iOS 11 Update – Should You Be Excited and What if Not?
Updated on July 13, 2021: From now on, traffic filtering, malware protection, and suspicious DNS activity blocking are available as a part of the separate DNS Firewall app.
The main event of every Autumn in the smartphone world is about to happen. In a couple hours Apple will hold the last iOS 11 presentation before its actual release. Previously, Apple has announced a list of changes and new features. So, while the world is anticipating new iOS, we are going to take a look at the changes and see if you should be excited about it.
iOS 11 comes chockablock with new stuff, so we will only cover the most significant ones. First of all, numerous design changes. This includes various interface elements, Control Center with updated settings options, expanded 3D Touch integration, Notification Center merged with Lock screen, etc. Overall, the design changes are nothing radical, but rather a few more steps towards optimizing user experience.
Siri also gets its share of attention in the upcoming update. Its voice will sound more natural, but hopefully not realistic enough so that Siri doesn’t cause the uncanny valley effect. Additionally, the service will become more intelligent by learning user’s preferences and behavior, allowing it to anticipate what the user wants. Siri will also sync the info across your devices to ensure the identical experience with all of them.
After being somewhat left behind in iOS 10 update, iPad is finally set to get plenty of attention with the 11th iteration of the system. Among its upgrades are a revamped persistent Dock storing up to 13 apps, a new App Switcher reminiscent of the Mac’s Mission Control, and an improved Apple Pencil with features like Instant Markup, Inline Drawing, and Instant Notes.
Files feature is a much anticipated Finder-style app. It houses all the content stored within your devices, iCloud, and other cloud services such as OneDrive, Box, Dropbox, etc. Files is searchable, well-organized, supports tags, and is a well-rounded tool overall.
On top of it, there is a number of lesser updates that are not as interesting in general, like Drag and Drop, QuickType Keyboard, Apple News, etc. Of all those, we’d only like to highlight two. First is peer-to-peer payments via Messages, which is basically the fastest way to use Apple Pay. The other is a small update for Safari that is supposed to make cross-site tracking of your online activities for advertising purposes more difficult.
What do we think about iOS 11?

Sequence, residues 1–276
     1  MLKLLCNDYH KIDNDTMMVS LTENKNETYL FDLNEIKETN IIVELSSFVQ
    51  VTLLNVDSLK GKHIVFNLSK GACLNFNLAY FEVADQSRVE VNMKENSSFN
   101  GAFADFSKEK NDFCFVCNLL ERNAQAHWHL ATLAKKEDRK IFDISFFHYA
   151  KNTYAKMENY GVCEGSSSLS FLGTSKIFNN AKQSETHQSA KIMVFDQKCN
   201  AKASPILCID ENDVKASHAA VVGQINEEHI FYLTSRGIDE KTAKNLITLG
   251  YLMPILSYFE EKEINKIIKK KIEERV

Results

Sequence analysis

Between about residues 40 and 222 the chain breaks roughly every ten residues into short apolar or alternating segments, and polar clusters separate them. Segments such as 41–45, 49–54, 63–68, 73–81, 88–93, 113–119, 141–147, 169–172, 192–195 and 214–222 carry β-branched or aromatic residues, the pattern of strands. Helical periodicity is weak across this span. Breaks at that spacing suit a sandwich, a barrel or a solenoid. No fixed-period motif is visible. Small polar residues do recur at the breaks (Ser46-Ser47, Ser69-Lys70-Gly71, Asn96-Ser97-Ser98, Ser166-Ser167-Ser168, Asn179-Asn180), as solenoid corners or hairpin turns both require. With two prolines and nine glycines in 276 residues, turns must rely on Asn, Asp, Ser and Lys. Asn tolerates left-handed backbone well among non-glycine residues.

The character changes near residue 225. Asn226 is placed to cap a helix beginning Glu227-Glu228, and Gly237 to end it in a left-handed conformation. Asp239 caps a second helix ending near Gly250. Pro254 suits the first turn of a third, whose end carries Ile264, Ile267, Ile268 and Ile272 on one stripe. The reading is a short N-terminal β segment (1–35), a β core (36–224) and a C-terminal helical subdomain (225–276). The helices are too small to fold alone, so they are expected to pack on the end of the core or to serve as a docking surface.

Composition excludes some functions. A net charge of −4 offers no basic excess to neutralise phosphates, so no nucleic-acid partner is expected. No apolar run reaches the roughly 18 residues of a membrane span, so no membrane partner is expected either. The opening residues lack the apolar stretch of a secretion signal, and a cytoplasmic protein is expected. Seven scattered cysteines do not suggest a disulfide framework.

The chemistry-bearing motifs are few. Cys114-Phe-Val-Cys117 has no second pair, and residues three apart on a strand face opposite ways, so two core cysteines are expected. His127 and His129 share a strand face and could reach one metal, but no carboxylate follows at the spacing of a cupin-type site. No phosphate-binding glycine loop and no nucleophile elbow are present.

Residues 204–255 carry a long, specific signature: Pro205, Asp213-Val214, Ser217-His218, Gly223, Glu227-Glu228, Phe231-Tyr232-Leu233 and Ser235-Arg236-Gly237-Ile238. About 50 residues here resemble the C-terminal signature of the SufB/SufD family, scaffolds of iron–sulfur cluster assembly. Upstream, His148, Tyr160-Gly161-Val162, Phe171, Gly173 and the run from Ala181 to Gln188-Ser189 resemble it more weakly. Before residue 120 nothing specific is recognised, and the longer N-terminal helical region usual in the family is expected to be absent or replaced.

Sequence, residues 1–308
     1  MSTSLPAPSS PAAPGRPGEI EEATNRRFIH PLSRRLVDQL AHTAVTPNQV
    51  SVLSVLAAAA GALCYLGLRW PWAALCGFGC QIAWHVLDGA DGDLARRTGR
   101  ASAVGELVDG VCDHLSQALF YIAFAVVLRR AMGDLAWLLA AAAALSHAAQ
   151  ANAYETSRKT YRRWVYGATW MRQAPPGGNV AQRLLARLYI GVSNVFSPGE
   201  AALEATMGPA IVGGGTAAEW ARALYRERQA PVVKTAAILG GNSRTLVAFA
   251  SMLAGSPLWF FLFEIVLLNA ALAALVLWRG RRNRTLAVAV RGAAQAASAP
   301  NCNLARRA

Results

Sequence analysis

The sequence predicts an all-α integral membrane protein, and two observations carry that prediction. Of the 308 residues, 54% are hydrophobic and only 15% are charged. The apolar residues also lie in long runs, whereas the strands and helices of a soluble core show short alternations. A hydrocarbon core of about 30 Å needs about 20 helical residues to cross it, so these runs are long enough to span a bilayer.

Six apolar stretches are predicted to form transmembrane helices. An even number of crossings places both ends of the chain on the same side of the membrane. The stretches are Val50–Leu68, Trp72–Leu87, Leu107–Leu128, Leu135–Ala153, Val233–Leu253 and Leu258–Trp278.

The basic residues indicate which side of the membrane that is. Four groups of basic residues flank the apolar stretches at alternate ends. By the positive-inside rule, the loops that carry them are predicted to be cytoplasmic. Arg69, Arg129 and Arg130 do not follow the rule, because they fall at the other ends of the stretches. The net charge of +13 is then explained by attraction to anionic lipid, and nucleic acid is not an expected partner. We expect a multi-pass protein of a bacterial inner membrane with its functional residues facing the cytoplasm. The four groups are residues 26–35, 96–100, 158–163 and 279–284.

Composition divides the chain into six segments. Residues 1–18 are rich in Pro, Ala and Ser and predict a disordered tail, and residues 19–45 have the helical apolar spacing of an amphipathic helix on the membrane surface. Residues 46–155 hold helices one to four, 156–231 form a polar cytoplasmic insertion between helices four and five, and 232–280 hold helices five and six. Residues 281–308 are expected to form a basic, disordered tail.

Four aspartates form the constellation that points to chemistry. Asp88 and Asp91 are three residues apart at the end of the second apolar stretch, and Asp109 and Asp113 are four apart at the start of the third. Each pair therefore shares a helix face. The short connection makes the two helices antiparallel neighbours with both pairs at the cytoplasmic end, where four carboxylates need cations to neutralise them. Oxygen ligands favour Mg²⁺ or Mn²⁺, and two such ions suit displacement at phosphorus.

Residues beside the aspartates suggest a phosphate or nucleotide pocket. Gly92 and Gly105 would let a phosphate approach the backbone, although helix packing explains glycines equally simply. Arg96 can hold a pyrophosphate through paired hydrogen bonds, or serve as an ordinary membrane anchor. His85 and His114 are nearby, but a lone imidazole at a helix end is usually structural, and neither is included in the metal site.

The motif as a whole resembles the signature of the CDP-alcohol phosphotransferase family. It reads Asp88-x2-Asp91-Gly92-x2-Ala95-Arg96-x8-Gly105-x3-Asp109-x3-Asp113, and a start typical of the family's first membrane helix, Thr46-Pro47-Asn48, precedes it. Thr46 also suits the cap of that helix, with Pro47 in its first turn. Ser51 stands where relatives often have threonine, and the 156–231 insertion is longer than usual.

All in all, it is a somewhat controversial update in our opinion. On one hand, much of its content is indeed quite interesting and support the theme of Apple-style creativity, like new Apple Pencil’s features. At the same time, quite bizarrely, some of the solutions are actually pretty conservative, such as one-handed keyboard option that has been present on Android for years now. But our second issue with the new system is more serious, as it concerns user’s security.
The previous version of iOS introduced a technique intended to let Apple analyze user’s data without violating his anonymity. It used hashing, noise injection, and subsampling to ensure users’ privacy. This was just the kind of technology that was required and sufficient at that time. However, cyber-society doesn’t stand still, and so does cybercrime. For the last year, online threats have been ever-shifting and evolving. For this reason, any modern IT-related product should come equipped with solid and high-tech defenses in order to resist the threats. So, how does iOS 11 cope with this task?
It looks like it doesn’t at all. From the Apple’s announcement it’s not clear what security measures it will utilize, if any. The Safari update preventing websites from collecting your info is neat, but it’s obviously not enough. And seeing that with iOS 11 your device will be collecting and storing even more data on you (take the upgraded Siri, Message payment, and Password Autofill, for example), security questions are not something to be taken lightly.
There’s no such thing as too much security
So, what can a conscious user do about their online security on the brink of iOS 11? Well, first of all it would be a good idea to wait for the actual release when security experts can get their hands on the new system and properly test its defenses. But if you don’t want to take risks, we recommend protecting your system with a VPN service. For example, VPN Unlimited – a top-notch solution that masks your real IP and encrypts all traffic on your device, including apps, web browsers, and so on. It also offers additional handy features like personal servers or KeepSolid Wise – a mean to bypass VPN blockade.
Interested? Download VPN Unlimited now and get a 7 day free trial (no CC required). And don’t forget to tell us what you think of new iOS 11 in the comments!